New Jersey Gov. Chris Christie, a Republican who has been mentioned prominently as a contender for the GOP presidential nomination in 2012, has ordered a one-year moratorium on hydraulic fracturing in that state, making New Jersey the first state in the US to ban hydraulic fracturing, a widely used completion method used in shale formations. The huge Marcellus Shale play extends into parts of New Jersey.
The move by Christie is widely seen as symbolic and a political statement rather than as a threat to oil and gas companies because no operators have yet expressed an interest in using hydraulic fracturing in New Jersey.
Marcellus Shale Coalition president and executive director Kathryn Z. Klaber issued the following statement regarding Christie’s decision to enact a one-year moratorium on hydraulic fracturing:
“Our industry is deeply disappointed by Gov. Christie’s decision. While the Marcellus Shale formation does not underlie enough of New Jersey to make it economical to produce, and no natural gas producers are actively seeking to explore for natural gas in the Garden State, this policy sends the wrong message to an entire nation benefitting from the responsible production of clean-burning, American natural gas. Further, the governor’s decision runs contrary to his understandable and laudable promotion of the expanded use of natural in his state’s energy mix.”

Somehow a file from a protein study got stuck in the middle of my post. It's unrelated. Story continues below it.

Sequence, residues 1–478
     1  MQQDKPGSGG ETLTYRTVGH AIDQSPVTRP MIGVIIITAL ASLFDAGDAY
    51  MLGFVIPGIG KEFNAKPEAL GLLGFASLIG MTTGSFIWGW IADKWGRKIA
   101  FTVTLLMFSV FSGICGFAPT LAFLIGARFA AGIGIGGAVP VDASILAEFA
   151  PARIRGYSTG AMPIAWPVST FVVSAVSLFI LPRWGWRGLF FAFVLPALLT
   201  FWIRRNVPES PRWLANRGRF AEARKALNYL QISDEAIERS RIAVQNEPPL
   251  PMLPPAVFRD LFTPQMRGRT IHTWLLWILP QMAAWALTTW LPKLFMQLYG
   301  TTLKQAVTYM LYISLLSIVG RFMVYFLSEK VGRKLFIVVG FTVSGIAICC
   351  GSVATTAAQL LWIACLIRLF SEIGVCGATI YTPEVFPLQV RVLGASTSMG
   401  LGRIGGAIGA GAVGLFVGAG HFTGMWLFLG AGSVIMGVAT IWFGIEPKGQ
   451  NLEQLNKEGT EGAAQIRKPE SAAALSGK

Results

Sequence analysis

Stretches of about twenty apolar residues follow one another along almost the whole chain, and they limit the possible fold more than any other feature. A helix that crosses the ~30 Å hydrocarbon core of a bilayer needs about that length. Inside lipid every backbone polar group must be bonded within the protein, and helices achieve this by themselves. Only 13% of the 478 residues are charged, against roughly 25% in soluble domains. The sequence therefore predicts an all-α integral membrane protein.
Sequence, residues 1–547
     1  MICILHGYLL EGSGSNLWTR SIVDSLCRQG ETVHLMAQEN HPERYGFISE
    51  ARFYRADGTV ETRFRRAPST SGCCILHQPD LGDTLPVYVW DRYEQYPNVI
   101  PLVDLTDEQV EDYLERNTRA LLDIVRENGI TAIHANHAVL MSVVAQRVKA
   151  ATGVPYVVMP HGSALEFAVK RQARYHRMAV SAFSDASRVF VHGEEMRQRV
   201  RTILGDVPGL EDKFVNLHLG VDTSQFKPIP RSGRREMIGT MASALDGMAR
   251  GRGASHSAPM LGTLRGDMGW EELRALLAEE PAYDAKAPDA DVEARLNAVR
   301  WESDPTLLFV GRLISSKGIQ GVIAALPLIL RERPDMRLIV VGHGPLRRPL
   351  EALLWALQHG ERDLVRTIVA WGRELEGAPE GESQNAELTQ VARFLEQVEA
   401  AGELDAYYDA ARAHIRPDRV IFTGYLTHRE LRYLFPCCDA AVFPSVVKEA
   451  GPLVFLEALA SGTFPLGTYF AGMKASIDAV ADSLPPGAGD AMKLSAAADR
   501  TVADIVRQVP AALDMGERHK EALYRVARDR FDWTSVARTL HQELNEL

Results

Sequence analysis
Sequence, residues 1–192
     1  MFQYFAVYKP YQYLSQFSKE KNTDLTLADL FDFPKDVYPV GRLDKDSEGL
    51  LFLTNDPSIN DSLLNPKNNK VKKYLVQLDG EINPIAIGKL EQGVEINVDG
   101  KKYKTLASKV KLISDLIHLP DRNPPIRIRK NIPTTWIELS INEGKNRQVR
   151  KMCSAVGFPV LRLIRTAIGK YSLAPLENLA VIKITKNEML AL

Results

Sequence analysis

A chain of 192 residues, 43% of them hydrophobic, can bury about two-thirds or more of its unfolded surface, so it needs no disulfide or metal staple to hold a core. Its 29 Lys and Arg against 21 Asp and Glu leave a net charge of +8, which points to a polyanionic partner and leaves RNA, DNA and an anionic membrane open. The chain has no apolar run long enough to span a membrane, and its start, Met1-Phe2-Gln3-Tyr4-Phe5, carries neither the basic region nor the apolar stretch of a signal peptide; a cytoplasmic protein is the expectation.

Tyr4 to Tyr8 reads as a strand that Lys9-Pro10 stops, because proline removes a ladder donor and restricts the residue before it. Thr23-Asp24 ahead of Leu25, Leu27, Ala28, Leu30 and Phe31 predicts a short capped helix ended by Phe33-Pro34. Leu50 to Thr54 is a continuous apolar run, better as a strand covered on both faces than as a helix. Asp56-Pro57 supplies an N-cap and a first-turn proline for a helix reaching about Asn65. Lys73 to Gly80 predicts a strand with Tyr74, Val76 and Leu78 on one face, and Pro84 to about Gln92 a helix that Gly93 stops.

Shale gas, as found in the Marcellus Shale formation in the northeast United States, is prolific but trapped by tight rock formations that do not allow the hydrocarbon to flow to the surface using conventional drilling methods. In the past decade, producers have begun drilling horizontally across the formation and using multi-stage hydraulic fracturing to unlock the tight rocks and allow the hydrocarbons to flow.